To make things more complex, these DNA tests don’t measure the exact percentage of your actual ethnicity, but instead, they reveal the more dominant genes that you adopt from both your parents. Therefore, for example; siblings can take a test and one can show 12% Irish but the other doesn’t show any Irish.

After finding out I showed up as 0% Italian, my mom got too curious and decided to take a MyHeritage test as well. Unsurprisingly, knowing what I know now, my mom’s test shows some decent percentages that didn’t show up at all on my test. I’ll place in bold font the ones that largely matched mine:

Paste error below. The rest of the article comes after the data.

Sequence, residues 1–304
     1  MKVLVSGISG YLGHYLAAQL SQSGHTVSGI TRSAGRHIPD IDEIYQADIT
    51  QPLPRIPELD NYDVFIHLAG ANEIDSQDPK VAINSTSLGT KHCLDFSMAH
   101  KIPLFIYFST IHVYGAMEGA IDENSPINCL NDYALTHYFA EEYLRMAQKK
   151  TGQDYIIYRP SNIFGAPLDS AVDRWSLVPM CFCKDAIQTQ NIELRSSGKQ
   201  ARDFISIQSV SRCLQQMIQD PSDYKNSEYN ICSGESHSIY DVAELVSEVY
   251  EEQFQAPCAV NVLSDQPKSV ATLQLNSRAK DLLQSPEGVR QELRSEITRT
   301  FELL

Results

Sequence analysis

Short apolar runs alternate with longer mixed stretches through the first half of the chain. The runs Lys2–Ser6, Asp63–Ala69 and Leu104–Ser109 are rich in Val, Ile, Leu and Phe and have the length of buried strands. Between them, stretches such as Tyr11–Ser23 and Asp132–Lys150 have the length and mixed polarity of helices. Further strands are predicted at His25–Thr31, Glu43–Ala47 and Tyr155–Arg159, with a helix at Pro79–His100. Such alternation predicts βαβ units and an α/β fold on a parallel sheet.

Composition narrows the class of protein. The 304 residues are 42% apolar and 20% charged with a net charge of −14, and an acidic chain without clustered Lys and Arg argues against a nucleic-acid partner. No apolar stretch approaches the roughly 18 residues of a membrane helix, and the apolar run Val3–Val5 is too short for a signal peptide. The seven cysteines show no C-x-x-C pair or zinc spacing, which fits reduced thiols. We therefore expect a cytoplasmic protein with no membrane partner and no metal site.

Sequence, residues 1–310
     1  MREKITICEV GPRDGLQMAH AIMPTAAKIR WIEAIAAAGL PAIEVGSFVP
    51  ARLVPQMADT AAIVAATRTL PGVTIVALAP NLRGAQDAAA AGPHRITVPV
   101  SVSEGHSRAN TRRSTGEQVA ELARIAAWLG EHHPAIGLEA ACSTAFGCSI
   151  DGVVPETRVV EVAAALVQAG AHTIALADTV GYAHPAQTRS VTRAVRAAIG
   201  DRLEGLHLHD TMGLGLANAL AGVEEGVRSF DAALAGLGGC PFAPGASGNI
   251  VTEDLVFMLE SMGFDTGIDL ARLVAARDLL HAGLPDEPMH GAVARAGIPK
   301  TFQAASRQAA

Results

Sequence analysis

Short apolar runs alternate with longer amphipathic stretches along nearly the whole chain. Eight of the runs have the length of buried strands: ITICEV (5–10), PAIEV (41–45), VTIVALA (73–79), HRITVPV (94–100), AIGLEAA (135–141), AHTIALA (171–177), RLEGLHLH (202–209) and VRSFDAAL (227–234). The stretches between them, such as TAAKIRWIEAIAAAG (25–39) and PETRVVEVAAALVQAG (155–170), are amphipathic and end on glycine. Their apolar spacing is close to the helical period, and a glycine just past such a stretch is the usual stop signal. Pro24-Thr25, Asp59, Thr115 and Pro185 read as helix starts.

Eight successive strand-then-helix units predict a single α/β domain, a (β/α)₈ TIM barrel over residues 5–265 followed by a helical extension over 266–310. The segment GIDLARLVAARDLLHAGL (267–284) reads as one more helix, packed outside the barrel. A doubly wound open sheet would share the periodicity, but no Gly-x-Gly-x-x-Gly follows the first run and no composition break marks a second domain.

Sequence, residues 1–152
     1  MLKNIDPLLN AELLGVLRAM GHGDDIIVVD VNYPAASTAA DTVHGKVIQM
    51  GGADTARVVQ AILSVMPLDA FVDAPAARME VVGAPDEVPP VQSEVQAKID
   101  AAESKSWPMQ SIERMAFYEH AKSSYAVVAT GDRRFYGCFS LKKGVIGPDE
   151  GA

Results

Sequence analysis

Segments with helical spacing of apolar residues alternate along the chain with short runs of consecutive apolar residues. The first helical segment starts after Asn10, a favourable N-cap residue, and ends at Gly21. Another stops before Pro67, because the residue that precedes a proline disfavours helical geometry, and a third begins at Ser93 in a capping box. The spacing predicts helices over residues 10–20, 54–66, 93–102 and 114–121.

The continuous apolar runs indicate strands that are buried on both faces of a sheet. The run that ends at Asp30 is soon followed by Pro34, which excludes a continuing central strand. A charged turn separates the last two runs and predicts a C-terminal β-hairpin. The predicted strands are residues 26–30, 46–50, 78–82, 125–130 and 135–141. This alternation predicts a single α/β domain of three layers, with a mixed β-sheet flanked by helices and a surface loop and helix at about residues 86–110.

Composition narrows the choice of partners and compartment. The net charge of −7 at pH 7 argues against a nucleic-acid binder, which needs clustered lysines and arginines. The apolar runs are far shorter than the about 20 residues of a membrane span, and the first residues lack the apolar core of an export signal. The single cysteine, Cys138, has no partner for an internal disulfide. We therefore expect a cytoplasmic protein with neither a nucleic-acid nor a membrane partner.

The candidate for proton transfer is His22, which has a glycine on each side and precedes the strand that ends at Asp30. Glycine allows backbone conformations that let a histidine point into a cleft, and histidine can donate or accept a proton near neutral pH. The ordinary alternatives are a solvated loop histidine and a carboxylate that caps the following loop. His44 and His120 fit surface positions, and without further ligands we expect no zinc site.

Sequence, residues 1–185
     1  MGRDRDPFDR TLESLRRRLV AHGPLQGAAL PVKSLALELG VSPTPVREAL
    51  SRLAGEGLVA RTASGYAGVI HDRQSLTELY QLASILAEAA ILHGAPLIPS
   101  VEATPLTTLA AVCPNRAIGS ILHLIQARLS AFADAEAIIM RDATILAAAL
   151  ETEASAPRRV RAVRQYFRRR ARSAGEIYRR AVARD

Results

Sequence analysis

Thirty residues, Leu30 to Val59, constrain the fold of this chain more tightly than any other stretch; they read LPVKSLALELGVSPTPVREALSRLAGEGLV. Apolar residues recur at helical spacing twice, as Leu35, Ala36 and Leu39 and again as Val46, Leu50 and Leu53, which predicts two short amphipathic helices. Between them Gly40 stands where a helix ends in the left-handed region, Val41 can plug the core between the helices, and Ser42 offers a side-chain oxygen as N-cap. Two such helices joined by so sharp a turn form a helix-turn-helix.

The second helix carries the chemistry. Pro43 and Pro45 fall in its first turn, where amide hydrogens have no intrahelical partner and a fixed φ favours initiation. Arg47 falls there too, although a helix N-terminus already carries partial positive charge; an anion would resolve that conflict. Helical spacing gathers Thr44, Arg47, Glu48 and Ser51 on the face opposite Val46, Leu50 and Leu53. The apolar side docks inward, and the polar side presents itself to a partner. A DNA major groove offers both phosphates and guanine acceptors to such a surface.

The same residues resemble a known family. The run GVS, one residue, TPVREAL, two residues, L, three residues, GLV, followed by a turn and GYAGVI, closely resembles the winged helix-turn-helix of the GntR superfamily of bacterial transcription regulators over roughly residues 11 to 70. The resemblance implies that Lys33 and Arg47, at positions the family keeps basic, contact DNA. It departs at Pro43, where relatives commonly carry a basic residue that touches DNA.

32.9% Central American (Mayan/Aztec)

22% Iberian (Spanish/Portuguese)

15.2% Sephardic Jewish (via Spain)

14% Middle Eastern/West Asian (Yemen, Oman, Saudi Arabia, Kuwait, Iran, Qatar, the United Arab Emirates, Jordan, Iraq, Syria, Lebanon, Turkey, Armenia, Azerbaijan, Cyprus, Palestine and Georgia)

7.8% Greek

4.5% Italian

2.6% Baltic (Latvia, Lithuania, Estonia)

2.0% West African (Benin, Burkina Faso, the island nation of Cape Verde, Gambia, Ghana, Guinea, Guinea-Bissau, Ivory Coast, Liberia, Mali, Mauritania, Niger, Nigeria, the island of Saint Helena, Senegal, Sierra Leone, São Tomé and Príncipe and Togo)

Thanks to my mom’s test results, I learned, in theory, I am about 7.6% Jewish, 7% Middle Eastern, 3.9% Greek, 2.25% Italian and 1% African.

Those particular ethnic traits didn’t show up at all on my DNA test; other than mine showing up 0.8% Middle Eastern. But clearly, my Middle Eastern DNA is very weak, whereas my mom’s is very strong.